Game 2 @ Fenway Park[edit]

Team 1 2 3 4 5 6 7 8 9 R H E
Dodgers 0 0 0 0 2 0 0 0 0 2 3 0
Red Sox 0 1 0 0 3 0 0 0 x 4 8 0
WP: David Price (1-0); LP: Hyun-Jin Ryu (0-1); SV: Craig Kimbrel (1)
Home Runs: none
  • Attendance: 38,644

It was another cool night at Fenway Park for Game 2, and the Red Sox took the opportunity to commemorate their historic win in the 2004 World Series by having seven members of that team jointly throw the ceremonial first pitch. They probably communicated their good vibes to the team, as the Sox played an excellent game, limiting the Dodgers to just three hits and taking advantage of their own rare scoring opportunities to win, 4-2, taking a two games to none lead before heading to the West Coast. Two more lefthanders were on the mound in this game, veterans both in Hyun-Jin Ryu and David Price. Price had come into this postseason with a reputation of not being up to scratch in postseason starts, but he had performed well in his two outings in the ALCS, and today's game would confirm that whatever problem had plagued him in previous year was now behind him. For the second straight game, the Dodgers fielded a line-up composed entirely of righthanded hitters, while for the Red Sox the only change from Game 1 was Christian Vazquez starting at catcher in place of Sandy Leon.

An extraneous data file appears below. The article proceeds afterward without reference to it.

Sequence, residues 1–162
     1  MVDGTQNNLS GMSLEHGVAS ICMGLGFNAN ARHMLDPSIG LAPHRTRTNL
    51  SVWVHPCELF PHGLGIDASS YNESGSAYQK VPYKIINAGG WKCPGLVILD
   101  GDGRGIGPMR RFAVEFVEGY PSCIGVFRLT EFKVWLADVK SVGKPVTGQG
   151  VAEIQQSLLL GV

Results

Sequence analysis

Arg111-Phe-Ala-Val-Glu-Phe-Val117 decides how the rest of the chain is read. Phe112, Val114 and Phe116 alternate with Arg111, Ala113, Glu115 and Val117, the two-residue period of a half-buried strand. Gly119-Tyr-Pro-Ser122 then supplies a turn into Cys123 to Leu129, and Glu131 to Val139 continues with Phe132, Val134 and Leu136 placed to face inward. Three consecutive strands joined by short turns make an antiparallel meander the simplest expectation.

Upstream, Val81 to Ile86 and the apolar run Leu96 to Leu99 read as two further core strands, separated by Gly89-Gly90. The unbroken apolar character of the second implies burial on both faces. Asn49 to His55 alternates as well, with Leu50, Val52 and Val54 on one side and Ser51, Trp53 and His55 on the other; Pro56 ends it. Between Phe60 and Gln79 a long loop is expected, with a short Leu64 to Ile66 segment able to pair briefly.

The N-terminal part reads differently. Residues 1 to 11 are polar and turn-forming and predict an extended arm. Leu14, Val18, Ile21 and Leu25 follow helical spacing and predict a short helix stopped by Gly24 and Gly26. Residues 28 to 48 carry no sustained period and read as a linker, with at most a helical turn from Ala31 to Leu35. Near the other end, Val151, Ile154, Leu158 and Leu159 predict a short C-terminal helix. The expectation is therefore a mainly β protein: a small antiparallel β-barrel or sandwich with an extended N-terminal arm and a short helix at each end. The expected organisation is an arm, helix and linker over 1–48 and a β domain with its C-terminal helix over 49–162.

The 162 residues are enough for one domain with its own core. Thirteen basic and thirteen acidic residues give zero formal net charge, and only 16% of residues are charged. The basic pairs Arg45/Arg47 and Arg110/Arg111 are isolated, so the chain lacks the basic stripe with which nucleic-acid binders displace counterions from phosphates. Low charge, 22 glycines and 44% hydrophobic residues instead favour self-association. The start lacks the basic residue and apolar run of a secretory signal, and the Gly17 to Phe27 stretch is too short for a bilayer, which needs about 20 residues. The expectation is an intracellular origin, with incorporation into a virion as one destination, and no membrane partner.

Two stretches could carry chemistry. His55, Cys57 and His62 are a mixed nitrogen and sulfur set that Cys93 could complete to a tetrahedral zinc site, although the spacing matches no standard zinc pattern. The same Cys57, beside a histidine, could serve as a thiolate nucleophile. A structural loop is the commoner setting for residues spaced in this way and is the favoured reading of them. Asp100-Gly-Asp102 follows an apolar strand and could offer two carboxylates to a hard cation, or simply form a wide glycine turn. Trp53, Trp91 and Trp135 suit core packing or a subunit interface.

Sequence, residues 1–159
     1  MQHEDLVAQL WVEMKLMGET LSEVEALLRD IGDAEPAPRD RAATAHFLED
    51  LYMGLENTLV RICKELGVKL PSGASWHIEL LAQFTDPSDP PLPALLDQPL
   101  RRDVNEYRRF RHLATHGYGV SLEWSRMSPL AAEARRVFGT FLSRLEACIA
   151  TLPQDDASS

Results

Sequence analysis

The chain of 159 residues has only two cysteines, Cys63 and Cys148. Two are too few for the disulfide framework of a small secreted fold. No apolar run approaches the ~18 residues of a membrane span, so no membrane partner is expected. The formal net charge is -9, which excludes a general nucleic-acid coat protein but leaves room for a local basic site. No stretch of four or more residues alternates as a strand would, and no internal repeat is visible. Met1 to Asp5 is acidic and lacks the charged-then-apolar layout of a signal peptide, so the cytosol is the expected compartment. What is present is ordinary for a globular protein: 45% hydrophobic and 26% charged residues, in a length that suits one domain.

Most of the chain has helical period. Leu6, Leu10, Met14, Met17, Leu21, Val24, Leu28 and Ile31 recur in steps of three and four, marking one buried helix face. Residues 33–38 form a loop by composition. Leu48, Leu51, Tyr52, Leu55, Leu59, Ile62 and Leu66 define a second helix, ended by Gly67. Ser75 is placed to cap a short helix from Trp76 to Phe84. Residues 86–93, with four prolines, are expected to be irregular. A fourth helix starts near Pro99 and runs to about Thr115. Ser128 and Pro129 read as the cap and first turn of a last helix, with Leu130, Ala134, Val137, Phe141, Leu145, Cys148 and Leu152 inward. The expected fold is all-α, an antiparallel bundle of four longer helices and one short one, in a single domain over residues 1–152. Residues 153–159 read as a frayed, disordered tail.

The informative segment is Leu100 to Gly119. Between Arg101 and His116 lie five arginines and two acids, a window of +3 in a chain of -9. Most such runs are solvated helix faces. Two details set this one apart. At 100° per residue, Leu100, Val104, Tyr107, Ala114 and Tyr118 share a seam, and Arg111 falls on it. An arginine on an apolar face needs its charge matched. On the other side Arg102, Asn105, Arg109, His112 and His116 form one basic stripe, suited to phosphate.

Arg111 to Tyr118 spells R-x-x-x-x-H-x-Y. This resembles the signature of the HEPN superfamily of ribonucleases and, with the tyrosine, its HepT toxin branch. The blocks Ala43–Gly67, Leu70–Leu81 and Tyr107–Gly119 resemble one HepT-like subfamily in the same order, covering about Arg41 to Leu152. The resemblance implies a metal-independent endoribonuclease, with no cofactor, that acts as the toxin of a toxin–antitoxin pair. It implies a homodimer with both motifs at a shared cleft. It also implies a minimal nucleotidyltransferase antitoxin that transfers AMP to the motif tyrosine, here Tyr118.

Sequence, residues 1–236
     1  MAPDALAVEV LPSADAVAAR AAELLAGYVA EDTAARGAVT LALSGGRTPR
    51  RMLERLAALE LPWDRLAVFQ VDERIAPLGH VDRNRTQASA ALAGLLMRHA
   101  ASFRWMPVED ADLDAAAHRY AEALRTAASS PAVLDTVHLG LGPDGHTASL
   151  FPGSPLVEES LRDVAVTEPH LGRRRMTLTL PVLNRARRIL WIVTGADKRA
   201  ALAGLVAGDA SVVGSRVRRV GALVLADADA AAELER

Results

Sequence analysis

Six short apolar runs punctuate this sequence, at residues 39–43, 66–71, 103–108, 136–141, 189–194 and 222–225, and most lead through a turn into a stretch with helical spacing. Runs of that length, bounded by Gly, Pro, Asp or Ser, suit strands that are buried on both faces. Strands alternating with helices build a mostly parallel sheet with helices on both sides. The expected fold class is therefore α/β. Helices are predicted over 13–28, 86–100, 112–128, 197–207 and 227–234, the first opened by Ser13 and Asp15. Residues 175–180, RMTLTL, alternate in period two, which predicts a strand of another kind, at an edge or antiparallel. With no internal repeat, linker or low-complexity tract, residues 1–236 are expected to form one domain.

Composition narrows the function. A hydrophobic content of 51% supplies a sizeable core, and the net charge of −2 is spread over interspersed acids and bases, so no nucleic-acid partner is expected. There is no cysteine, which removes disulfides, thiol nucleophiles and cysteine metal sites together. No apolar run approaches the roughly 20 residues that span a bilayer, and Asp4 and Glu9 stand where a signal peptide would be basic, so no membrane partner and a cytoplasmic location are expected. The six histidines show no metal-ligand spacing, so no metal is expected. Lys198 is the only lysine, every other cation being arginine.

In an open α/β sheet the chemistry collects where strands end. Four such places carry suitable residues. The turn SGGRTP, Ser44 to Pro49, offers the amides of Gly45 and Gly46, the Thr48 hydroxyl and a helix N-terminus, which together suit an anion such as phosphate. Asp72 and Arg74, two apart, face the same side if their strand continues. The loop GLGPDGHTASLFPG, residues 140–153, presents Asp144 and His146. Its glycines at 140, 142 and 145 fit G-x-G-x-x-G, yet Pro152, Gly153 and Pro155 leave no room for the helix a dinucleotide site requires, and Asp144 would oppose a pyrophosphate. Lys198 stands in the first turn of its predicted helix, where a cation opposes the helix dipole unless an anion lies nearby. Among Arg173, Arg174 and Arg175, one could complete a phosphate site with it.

Both pitchers started off well, with an impressive 1st inning, and in Price's case this was followed with a perfect 2nd inning as well. However, Ryu allowed a run in the bottom of that inning when he allowed a one-out double to Xander Bogaerts and then a two-out single to Ian Kinsler, the Red Sox continuing their trend of being extremely productive with two outs and runners in scoring position, a big factor in their success thus far this postseason. There was little more action until the top of the 4th, when the Dodgers finally put a chink in Price's armor. This came in the form of back-to-back singles by David Freese and Manny Machado to open the inning, followed by a walk to Chris Taylor that featured a number of close pitches. Matt Kemp followed with a fly ball to center that allowed Freese to score the tying run, then after Kiké Hernandez struck out, Yasiel Puig singled to center to make it 2-1. Price struck out Austin Barnes to end the inning, and while that was a very tough inning for him, he bounced back and shut down the Dodgers completely over the next two innings. That stretch included a spectacular catch in left field by Andrew Benintendi, who robbed Brian Dozier of a double with a leaping grab to start off the 5th inning.